National Beat Reporter
The resistance of Betsy DeVos’s confirmation as Secretary of the Department of Education was a rock throw short of a riot.
Senate offices were overwhelmed with 1.5 million calls a day and Democrats held a 24 hour speech marathon of on the floor in protest; even two Republican senators ended up defecting.
However, these dedicated efforts concluded in vain when Vice President Mike Pence cast his tie-breaking ballot, resulting in a slim win for DeVos at a 51-50 vote.
Now as the Secretary of Education, many DeVos dissenters are worried for the future of American education.
One of the biggest concerns revolving around the unseasoned Secretary is her unfamiliarity with the public education system. Her Senate hearings featured a handful of eyebrow-raising instances that made many question how well versed she was in education policy. DeVos once referenced the Individuals With Disabilities Education Act (IDEA) as an issue left to the states, despite the IDEA being a federal policy.
Allegations of her ignorance are rooted in the fact her and her children are all graduates of only private institutions.
“She is terribly ill-informed,” Jim Pearson, who had worked as an elementary school teacher for 37 years, told The Bottom Line. “She is demonstrably ignorant about the complexities of subjects that anyone on a school board would know.”
Pearson recently retired from teaching the fifth grade at Kellogg Elementary School in Goleta, and has been teaching in Goleta for the past 20 years. From his perspective as an educator, one of his biggest concerns stems from DeVos’s advocacy for voucher programs that promote “school choice.”
“I believe the voucher system is a terrible idea,” said Pearson. “[The voucher program] is toted as an opportunity for poor people to have school choice, but regrettably even if they choose private schools there is a real lack of transparency on the performance of those private schools — there is little accountability.”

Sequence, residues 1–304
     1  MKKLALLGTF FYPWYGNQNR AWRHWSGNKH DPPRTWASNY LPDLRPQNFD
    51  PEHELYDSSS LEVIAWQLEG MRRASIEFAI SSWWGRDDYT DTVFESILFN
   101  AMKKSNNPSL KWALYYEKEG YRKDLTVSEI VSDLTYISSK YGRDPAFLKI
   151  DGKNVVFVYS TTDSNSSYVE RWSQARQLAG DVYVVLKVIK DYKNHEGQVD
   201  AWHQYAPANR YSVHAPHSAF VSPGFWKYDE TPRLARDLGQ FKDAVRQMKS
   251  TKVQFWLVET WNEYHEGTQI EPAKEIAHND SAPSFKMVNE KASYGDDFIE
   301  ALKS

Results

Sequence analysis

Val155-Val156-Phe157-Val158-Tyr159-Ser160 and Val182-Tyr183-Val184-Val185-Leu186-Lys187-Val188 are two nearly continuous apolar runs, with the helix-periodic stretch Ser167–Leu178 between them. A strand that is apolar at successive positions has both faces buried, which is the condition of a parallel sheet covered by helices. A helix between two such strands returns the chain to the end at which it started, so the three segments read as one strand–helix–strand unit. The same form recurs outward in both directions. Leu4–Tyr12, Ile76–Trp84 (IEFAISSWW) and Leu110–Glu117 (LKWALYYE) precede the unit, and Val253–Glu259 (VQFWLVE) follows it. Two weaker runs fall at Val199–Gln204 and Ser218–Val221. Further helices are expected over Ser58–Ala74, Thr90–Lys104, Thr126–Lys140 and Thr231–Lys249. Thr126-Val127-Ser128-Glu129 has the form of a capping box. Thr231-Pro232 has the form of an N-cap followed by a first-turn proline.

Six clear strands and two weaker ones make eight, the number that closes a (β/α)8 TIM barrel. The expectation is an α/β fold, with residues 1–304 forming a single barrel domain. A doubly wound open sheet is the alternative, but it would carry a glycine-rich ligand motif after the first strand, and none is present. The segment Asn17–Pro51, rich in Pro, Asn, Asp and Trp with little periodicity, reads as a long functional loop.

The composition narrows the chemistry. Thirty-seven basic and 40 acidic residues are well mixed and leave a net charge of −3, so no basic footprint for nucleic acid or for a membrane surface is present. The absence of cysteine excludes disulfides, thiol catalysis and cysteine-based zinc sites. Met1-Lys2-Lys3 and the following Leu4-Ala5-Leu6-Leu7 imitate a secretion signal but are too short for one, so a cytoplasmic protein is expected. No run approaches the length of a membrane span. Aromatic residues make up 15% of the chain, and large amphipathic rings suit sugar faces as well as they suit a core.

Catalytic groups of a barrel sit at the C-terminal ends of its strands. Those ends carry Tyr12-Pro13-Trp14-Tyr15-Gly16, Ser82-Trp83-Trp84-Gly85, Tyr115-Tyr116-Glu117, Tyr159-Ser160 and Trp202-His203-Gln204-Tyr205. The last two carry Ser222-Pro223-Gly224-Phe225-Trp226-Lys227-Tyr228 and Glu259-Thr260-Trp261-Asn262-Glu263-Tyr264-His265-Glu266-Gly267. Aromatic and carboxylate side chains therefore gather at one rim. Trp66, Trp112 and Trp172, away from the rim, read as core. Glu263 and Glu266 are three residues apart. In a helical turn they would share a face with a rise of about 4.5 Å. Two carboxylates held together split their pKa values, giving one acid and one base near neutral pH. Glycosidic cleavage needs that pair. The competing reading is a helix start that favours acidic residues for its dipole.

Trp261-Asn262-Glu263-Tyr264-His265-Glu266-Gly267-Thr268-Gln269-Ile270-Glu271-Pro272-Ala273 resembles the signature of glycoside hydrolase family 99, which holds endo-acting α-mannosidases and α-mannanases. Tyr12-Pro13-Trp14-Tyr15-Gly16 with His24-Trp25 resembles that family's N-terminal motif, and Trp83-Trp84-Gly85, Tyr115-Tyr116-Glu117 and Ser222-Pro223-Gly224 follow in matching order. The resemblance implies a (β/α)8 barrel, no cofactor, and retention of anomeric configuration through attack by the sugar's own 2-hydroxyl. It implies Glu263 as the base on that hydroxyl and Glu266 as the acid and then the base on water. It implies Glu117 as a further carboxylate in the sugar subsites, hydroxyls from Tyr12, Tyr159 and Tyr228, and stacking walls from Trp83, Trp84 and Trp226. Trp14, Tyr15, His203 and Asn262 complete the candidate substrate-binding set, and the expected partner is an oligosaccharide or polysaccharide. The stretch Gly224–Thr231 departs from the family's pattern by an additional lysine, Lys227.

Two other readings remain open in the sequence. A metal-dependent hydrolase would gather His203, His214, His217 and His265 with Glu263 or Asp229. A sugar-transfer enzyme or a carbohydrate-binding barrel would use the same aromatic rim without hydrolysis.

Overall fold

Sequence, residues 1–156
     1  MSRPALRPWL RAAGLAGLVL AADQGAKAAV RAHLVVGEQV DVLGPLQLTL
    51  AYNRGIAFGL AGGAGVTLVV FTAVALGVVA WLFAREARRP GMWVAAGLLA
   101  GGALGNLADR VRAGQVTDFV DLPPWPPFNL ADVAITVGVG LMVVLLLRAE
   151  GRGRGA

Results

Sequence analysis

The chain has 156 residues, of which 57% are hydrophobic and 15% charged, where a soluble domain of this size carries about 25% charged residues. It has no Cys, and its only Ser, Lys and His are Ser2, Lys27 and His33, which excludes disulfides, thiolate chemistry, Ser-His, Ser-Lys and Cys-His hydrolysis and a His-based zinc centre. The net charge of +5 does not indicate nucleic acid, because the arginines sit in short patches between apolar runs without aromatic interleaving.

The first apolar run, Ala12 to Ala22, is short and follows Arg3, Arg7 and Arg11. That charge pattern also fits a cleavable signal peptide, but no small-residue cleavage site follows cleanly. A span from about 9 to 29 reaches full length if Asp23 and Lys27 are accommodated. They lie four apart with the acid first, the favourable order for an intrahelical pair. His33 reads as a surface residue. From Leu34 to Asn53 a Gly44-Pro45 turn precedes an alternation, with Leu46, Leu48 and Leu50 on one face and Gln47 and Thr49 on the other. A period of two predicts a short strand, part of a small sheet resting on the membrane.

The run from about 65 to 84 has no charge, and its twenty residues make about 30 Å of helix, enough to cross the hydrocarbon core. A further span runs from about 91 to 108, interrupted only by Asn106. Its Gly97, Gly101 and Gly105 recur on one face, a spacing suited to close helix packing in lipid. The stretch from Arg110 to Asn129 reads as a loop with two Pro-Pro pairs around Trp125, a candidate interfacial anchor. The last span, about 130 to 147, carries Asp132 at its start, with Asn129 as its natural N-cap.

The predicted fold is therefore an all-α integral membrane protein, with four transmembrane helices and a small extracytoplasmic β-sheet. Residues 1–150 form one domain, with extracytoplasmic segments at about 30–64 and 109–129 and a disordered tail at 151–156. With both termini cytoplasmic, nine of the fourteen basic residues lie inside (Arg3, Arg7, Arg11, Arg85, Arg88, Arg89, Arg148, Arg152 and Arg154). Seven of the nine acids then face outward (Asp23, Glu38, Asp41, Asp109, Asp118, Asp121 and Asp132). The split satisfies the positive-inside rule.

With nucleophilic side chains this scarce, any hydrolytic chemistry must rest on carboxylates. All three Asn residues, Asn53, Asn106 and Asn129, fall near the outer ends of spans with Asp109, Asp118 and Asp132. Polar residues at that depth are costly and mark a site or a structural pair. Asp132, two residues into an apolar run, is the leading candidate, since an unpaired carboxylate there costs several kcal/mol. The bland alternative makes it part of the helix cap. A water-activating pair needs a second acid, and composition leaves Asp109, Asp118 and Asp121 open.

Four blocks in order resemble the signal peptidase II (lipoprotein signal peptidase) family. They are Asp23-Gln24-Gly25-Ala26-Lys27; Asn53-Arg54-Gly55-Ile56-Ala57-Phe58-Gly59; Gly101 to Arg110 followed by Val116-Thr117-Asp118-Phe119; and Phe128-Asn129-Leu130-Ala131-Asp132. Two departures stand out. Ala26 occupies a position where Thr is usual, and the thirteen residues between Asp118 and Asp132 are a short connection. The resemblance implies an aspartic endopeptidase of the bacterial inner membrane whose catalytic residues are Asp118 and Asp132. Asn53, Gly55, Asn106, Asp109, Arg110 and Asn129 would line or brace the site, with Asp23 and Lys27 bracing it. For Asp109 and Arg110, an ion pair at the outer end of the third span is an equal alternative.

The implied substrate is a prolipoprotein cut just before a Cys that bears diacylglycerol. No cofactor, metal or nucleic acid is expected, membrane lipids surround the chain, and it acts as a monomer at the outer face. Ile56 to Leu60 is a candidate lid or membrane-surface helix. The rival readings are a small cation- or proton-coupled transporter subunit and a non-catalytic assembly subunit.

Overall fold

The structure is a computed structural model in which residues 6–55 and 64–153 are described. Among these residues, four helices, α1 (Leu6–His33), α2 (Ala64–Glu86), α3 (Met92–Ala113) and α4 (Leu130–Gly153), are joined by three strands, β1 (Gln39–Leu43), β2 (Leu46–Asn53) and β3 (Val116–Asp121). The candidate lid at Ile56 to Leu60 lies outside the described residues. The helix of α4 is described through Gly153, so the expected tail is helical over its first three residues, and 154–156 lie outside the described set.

DeVos has been a proponent for charter schools and private education. Prior to her nomination, DeVos was chair of the American Federation for Children, an advocacy organization focused on allowing families to consider education options outside of traditional public schools, which entail the support of publicly funded charter schools and tax sponsored programs that give families “vouchers” to spend on private school tuition.
According to the National Center of Education Statistics, a public charter school is defined as a “publicly funded school that is typically governed by a group or organization under legislative contract (or charter) with the state or jurisdiction.” Charter schools can be operated by for- and non-profit companies. These schools are exempt from state and county regulations and abide by the standards laid out in its charter, therefore allowing charter schools to operate with a certain degree of autonomy without school district oversight.
“She is looking at the world through a very privileged lens,” Pearson said, referencing DeVos’s billionaire status and private education. “Sadly, this restricts her ability to empathize and understand the needs of people of the real world.”
The idea of a nationwide voucher system seems to leave a sour taste in public education’s mouth. However, according to University of California, Santa Barbara political science professor Lorraine McDonnell, the possibility of this system to be a nationwide standard seems very unlikely.